Business optimism is skyrocketing. Will the economy do the same?
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Last year was unpredictable, capped off by what 73 percent of voters considered a shocking result to the U.S. election. Throughout 2016, the entire world cautiously waited for the results to get a sense of which direction our country is headed. And while the election outcomes have seemingly created more uncertainty for some, CEOs and business owners are signaling a first-of-its kind spike in post-election optimism in the U.S. economy.

According to PwC’s Trendsetter Barometer survey, which measures private company sentiments on the economy, private company optimism was stalled at 38 percent ahead of the election because of uncertainty about the economy’s 12 month prospects. In the weeks following Election Day, however, optimism levels surged to 70 percent, eventually averaging out at 59 percent by the end of the quarter.

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This jump is unprecedented in the survey’s 21-year history, as there has been no significant movement in optimism from the third to fourth quarters in previous presidential election years, with one notable exception — the contested George W. Bush win in 2000, when optimism plummeted. These private company executives see Trump’s win as promising for business, citing tax reform and reduced regulations as the foundation for potential growth.

 

Importantly, however, this spike isn’t unique to the private companies in PwC’s research, as research by the National Federation of Independent Business and the National Center for the Middle Market show similar bounces in optimism in small business and the middle market, respectively.

Small business optimism was flat leading up to Election Day and then soared after Trump’s win, rising just above the 42-year recorded average and only the third time since 2007 that it has broken into above average territory. This can be attributed to small business owners’ expectations that there will be more favorable operating conditions should Trump follow through on his campaign promises to overhaul the Affordable Care Act and decrease taxes and regulations, making them optimistic that those policy changes will improve their businesses.

Similarly, there are optimism spikes in the middle market. In the weeks after the election, confidence in the global, national, and local economies reached the highest levels ever recorded. Business leaders in the middle market are looking forward to a strong 2017 with increases in revenue and hiring.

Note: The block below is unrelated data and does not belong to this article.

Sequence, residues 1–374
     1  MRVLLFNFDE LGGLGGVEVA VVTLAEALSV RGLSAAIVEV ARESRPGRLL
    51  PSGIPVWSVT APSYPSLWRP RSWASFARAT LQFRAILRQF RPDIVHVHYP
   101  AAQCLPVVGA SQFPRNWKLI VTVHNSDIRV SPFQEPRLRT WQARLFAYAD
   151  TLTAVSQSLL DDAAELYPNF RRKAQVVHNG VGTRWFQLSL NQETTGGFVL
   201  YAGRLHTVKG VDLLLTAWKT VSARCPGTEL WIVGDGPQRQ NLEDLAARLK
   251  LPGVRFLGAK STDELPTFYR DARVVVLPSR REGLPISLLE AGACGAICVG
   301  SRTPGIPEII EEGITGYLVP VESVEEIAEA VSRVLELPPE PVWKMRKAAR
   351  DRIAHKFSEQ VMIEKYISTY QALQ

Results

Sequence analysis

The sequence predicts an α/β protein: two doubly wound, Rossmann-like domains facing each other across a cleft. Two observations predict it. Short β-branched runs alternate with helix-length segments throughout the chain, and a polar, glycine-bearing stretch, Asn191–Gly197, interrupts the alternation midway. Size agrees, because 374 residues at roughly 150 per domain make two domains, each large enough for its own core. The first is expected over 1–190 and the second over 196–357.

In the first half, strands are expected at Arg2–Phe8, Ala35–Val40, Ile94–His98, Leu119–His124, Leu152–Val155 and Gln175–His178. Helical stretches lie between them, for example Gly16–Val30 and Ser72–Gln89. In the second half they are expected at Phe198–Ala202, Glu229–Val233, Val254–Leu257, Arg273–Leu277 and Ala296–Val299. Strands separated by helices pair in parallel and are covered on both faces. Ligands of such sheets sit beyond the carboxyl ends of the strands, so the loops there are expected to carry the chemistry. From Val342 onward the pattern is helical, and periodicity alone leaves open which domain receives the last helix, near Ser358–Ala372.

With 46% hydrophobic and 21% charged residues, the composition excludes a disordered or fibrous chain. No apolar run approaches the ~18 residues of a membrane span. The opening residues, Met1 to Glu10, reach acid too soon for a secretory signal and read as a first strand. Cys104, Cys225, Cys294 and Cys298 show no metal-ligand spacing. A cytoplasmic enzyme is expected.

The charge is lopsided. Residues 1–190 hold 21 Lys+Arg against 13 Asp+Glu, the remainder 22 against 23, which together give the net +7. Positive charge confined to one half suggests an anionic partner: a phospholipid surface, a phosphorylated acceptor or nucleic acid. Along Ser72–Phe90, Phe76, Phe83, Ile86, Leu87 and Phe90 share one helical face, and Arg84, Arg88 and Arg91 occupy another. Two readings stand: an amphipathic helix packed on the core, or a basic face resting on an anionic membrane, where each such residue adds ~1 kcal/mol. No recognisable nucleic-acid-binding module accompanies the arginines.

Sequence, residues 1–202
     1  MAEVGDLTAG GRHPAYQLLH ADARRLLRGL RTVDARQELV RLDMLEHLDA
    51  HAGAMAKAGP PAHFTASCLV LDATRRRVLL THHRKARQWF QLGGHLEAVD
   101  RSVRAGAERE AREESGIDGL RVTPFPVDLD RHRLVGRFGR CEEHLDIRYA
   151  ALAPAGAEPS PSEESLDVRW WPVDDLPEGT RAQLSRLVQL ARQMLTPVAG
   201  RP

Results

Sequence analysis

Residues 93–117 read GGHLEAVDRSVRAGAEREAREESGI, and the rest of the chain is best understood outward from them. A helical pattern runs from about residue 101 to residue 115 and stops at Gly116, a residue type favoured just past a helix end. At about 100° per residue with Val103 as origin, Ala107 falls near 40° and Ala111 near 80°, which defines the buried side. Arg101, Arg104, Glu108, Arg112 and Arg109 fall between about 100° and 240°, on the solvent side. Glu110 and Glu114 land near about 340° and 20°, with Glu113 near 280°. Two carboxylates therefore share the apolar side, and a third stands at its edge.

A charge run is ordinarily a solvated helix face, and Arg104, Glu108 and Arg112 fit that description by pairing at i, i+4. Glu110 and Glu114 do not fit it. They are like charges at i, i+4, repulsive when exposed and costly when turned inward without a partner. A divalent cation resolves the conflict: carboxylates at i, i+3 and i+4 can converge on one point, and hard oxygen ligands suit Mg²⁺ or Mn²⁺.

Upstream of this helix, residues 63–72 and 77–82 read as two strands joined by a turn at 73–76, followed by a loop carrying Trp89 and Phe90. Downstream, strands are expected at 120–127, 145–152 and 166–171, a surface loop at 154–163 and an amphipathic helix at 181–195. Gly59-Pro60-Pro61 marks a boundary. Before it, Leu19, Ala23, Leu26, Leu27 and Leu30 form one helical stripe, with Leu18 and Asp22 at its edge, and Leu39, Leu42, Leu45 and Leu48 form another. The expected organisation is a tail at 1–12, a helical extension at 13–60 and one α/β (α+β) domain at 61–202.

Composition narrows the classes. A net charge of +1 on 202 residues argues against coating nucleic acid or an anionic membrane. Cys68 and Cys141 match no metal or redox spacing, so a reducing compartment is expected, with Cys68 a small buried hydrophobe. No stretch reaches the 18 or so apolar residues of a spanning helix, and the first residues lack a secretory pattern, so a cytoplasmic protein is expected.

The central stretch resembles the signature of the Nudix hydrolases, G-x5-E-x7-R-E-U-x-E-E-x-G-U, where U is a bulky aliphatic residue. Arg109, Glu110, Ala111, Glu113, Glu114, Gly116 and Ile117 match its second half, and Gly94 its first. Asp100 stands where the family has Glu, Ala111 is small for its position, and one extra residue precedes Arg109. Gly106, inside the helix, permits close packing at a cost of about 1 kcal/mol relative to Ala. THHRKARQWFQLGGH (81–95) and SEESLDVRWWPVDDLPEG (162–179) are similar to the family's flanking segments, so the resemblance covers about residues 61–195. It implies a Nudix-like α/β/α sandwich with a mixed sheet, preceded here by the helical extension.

Many investors see this phenomenon as “Trumpflation,” a boost to both growth and inflation that is expected to last a few years, with little long-term impact on the real economy. But in the 21 years since theour survey launched, the results have demonstrated that private companies are a leading economic indicator of where the U.S. economy is headed, especially when it comes to economic growth, hiring, and wages. In fact, high levels of optimism among private companies is a solid one year leading indicator of U.S. gross domestic product (GDP) growth.

If this higher optimism among private companies can be sustained, it could translate to an increase in business activity, including hiring and expansions in the next few months. For these higher levels of optimism to continue, however, the Trump administration must deliver on campaign promises of tax reform and decreased regulations, two of the driving forces behind this renewed sense of optimism among businesses of all sizes.

It’s also important to note that not all of our economic indicators show such positive trends for the economy. Revenue forecasts are notably lower and economic growth forecasts remained relatively flat at 5.5 percent growth, a modest increase from 5.4 percent in the third quarter, which was the slowest rate we’ve seen since mid-2009.

Skyrocketing economic optimism is a good sign, but we’re going to have to wait and see if this optimism turns into economic growth.

Ken Esch is a tax partner in private company services at PwC, where he leads the firm’s Trendsetter Barometer.


The views expressed by contributors are their own and are not the views of The Hill.